Some facts as I know them at deadline: Two are dead and dozens are injured after a high speed chase along Red River Street. in downtown Austin, Texas last night. After being pulled over by police for a suspected DWI, the vehicle sped off against traffic, crashed through a barricade and plowed through dozens along Red River near and in front of the Mohawk night club during Wednesday night's SXSW Music showcase. The suspect is in custody.
[Update: Austin Police Chief Art Acevedo says the crash was "intentional," and that the car was reportedly stolen. The suspect's name is Rashad Charjuan Owens, 21. Two were killed, 23 were injured, eight were transported to the hospital and three people are still in serious condition in the ICU. "This is an individual who showed no regard for the human beings he plowed through," Acevedo said." The results of a BAC test have not yet been released. More info here.]
I was inside Mohawk last night, standing 30 feet away from the street. I did not hear or see the crime. 20 minutes earlier, I was standing in the line that was hit by the car. I had come to Mohawk to see LA punk band X, and the band played a full set. Tyler the Creator, who was to follow, did not.
Like hundreds of others, I left the club at 1 a.m. and walked to the west, away from the corner intersection where police and emergency crew did what they could. Everyone I passed and who passed me was stunned. Some were crying. We had to head back down towards Sixth Street, where the parties and music played on unknowing.
If you've never been to Austin during SXSW you should know that this part of town, just a few blocks west of Interstate 35 and just south of the Capitol building, is one of the most highly trafficked by both pedestrians and cars in the downtown area. In all the years I've come to SXSW (over a dozen but I've lost track) I've never reflected on how dangerous these streets could be.
It feels surreal writing this review now, on the morning after the worst catastrophe, surely, in the history of the South By Southwest event. In past years, I've tried to tell a story of my days and nights in Austin in the spring, and I try to do so with humor and irony. That's impossible this time.
Here instead, and at risk of callous brevity and in chronological order, is my consideration of the bands I saw on the first two days of SXSW 2014. I hope the next three days bring only music and community.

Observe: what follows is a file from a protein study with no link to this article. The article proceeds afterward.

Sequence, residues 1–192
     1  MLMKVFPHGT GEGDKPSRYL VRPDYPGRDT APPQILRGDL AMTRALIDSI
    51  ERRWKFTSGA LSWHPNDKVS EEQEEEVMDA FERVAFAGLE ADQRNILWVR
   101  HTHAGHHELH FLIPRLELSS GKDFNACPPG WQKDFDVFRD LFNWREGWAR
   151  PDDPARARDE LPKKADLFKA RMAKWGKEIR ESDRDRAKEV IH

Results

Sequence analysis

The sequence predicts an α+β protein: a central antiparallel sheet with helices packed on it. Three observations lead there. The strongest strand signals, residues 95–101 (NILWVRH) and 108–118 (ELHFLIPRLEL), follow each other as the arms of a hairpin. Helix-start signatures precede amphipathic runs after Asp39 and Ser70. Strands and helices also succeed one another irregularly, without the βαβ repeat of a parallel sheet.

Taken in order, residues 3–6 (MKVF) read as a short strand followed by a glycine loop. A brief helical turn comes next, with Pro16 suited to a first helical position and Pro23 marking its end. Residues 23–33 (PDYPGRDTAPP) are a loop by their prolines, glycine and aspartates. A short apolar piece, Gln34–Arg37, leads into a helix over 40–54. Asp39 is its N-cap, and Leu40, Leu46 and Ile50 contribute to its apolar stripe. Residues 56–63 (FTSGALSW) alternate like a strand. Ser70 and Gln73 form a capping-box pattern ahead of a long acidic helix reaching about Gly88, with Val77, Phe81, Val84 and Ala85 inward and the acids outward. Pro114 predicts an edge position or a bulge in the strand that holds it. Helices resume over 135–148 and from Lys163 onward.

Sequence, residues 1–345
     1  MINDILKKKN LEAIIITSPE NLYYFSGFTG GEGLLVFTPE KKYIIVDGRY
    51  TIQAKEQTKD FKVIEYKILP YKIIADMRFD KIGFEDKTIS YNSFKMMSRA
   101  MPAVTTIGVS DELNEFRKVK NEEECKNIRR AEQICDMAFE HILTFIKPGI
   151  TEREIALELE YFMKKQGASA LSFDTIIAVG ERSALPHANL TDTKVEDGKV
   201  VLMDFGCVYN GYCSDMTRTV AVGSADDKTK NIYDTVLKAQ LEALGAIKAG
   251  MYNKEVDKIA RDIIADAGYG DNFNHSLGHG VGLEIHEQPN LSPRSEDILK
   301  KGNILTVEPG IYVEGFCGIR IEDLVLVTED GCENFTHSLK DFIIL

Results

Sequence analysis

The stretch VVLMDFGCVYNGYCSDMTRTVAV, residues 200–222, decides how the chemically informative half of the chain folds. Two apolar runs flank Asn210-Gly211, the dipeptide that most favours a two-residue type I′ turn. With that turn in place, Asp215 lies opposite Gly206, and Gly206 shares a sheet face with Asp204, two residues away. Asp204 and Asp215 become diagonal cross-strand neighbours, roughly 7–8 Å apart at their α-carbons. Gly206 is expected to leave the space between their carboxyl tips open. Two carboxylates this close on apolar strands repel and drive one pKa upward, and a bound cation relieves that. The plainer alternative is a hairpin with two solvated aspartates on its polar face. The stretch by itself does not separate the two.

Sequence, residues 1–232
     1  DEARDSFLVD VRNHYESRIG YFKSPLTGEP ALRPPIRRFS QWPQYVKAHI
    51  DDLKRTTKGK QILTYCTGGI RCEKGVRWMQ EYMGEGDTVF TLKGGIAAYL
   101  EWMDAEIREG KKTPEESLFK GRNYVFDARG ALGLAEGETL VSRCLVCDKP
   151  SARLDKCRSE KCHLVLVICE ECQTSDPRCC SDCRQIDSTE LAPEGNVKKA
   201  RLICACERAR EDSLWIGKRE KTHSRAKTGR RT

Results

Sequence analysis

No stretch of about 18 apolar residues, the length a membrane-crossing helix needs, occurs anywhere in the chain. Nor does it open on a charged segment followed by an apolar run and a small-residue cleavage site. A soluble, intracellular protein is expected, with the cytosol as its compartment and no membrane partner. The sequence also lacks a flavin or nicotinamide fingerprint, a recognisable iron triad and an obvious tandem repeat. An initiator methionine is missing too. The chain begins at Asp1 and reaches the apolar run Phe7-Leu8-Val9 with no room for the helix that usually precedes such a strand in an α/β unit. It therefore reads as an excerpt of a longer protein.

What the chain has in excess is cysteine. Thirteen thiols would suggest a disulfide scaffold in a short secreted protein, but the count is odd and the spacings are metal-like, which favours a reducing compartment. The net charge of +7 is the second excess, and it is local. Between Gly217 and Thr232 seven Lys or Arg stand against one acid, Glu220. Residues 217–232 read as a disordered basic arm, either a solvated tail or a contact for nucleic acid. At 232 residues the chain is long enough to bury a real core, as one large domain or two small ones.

Tuesday, March 11
At Empire Control Room for Danny's free day party on my first afternoon in Austin, Marmalakes cut its trio semi-pop tendencies with proggy flourishes, getting louder somehow when the guitarist switched to acoustic. Any song with a joyous "Victoria!!!" chorus and a bit of noise-jamming in the place of solos will always move me.
But the band I had come to see, the Black and White Years (from Austin), was even better. Though reviews of Arcade Fire's recent exploits have rendered Roxy Music comparisons all but meaningless, that's the comparison that comes first to mind, with singer Scott Butler delivering a deliciously decadent and not-quite-but-nearly paranoid vocal quaver across the corkscrew synth lines. A band this pale shouldn't be having this much fun in the daylight.
My Tuesday night showcases started late but memorably at 9:15 p.m. on Rainey Street for the Danish party and the band Mister and Mississippi, about whose name I had my doubts but about whose music I didn't. Like Mazzy Star cut with a bit of twang and glockenspiel, the band floated through a short set of dreamy songs you could still dance to, though the kids sat on the astroturfed patio instead. Maxime Barlag has a lovely, generous alto, and if its name doesn't hold them back, this Utrecht-formed band might have a future in the New World.
At Cheer Up Charlies, my first night continued with the Sour Notes, a psych-drone band from Austin with actual songs and a singer who can deliver a line with more tenderness than you'd expect from a neo-pedal pusher. The weed smelled fine around me and the light show, featuring disembodied floating cat heads (the band's cats, apparently) was a strange but sweet touch. It was a free show, so the band gave away cassettes after its set. Rock & roll youth should always be like this.
Midnight found me at the Intercontinental Hotel bar for Falls, a Sydney, Australia duo who will likely never outlive the Civil Wars comparisons. But they should. Backed by a string quartet, Melinda Kirwin and Simon Rudston-Brown performed exquisitely to a full room, seeming to savor each moment on stage. "Tell her I'm headed for forgiveness/I know it's rough some days" is a line I'll remember. Ditto for a good, harmonica-full cover of Neil Young's "Heart of Gold."
To close out my first night, I selected Sub Pop band Avi Buffalo. The band started late, and singer Avigdor Zahner-Isenberg seemed to have barely woken up after a long haul. "Your fly is open!!" called out a few members of the audience. "I know. I broke the button. But I have two pairs of underpants on, so it's OK." The set sounded so much better than it looked, especially with Zahner-Isenberg's voice, a high falsetto that may not be a falsetto at all, cutting across the Byrdsy groove and chime. Half the audience sang along with "What's It In For" and the other half loved it. Axiom: When you have songs and melodies you really don't need anything else, least of all a working zipper.
Continue to page two for more.
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